My first real job was at a startup called Abebooks.com, now owned by Amazon. It was a company that got culture right, and cemented some of my closest long-term friendships.
We had various events that we enjoyed together. One particular event we did every year was a golf-cue. The entire company would take part in it, regardless of golfing ability. The year my brother and I lived in a large home we jokingly referred to as “the mansion,” we offered to host the post-golf BBQ at our place. I remember spending my weekend time picking up the keg and helping to set up the BBQ. At the end of the evening, there was a pick-up jam session in our basement that filled the house with music. When I reflect back on this day, I was happy to organize and host the party. We even felt proud to host the company event in our home. Everyone just loved being together.
How did this happen? Why did I feel so connected with the company I worked for and its people? Even on days when I was frustrated with a work problem, why did I see that as a challenge to overcome, with a happy goal of propelling the business forward?
I made some of my closest friends while working at Abebooks and this did not happen by accident. I’m able to see now these friendships were created because of the challenges, fun, and responsibility I was given in my role.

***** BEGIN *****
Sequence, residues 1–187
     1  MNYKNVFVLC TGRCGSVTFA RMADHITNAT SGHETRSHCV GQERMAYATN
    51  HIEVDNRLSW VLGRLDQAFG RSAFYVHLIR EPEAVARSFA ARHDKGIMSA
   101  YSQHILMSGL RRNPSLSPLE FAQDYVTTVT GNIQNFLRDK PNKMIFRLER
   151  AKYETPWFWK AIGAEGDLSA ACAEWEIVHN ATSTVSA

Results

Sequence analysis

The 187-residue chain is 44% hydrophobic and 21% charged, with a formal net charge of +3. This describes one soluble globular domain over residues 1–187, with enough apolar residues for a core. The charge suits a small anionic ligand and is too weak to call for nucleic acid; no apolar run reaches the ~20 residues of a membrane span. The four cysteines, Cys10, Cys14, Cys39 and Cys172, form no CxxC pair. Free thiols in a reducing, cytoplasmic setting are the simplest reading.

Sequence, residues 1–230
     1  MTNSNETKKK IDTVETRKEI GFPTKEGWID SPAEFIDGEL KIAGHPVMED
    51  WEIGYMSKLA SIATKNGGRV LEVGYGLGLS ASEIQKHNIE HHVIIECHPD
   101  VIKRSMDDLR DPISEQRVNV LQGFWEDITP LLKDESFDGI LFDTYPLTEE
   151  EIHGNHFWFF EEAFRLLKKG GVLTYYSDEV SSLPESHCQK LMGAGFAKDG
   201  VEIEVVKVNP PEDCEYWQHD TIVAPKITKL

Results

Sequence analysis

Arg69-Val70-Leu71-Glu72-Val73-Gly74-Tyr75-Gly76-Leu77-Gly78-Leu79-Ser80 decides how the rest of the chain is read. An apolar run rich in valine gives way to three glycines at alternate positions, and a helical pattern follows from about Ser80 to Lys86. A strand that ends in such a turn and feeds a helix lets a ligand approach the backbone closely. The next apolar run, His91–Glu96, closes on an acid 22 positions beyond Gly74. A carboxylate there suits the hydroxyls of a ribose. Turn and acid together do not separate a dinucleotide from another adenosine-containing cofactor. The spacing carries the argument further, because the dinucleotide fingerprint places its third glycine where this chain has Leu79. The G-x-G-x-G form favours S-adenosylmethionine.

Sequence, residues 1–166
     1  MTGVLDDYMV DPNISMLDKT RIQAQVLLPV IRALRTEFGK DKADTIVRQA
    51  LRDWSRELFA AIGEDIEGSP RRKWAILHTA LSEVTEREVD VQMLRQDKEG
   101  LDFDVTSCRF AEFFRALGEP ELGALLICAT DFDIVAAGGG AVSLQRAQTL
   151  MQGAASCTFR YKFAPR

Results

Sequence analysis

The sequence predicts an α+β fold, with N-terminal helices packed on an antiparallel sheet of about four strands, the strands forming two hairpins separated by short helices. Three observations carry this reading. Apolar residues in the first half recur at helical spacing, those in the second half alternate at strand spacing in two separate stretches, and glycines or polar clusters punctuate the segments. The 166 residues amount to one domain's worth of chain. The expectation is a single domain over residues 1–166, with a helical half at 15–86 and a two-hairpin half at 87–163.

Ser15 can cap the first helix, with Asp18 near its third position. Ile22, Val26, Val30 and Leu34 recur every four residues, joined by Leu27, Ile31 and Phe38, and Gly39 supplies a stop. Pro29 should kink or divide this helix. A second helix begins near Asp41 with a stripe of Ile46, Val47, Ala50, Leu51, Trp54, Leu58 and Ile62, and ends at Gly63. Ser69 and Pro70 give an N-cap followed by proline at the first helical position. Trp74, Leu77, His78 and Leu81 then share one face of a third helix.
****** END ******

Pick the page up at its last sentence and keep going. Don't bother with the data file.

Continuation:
So why is culture important, as opposed to something we just give “lip service” to?
It’s all about people. It’s about creating unique connections. It’s about being a part of something you care about and caring about those people around you.
The Dark Side of Culture
As much as I’ve seen the bright side of workplace culture, I’ve also been on the dark side of it. I spent three years working for a government organization that had long-since lost its lustre. And while I was given responsibility and my team were amazing people to work with, a lot of people in the wider organization just didn’t seem to care. I remember going to a meeting with a handful of personal assistants to organize when we could have the meeting to kick of a project. I felt like I was in an episode of The Office.
This type of signalling happened over and over. Slowly my work output declined. I became a clock-watcher. Until one day my husband told me I needed to get out. He was not wrong. I was in a work-rut. I felt stale. I felt despondent. I had become one of those people — I didn’t really care that much.
I thankfully jumped off into a consulting career with my husband which created the space to create our first start-up. I’d forgotten how much I cared about doing meaningful work that mattered. That was scary to realize.
Why I Have My Own Company
Yesterday I had a rough start to the morning that included tears before 10am. Never a good sign. When I came into the office my teammates smiled and we had some morning banter and the low cloud hanging around my shoulders dissolved. My day was dusted off and put back onto its feet. That’s the power of people and connection. This human experience matters. It’s why I run my own company. I get to choose who I work alongside every day.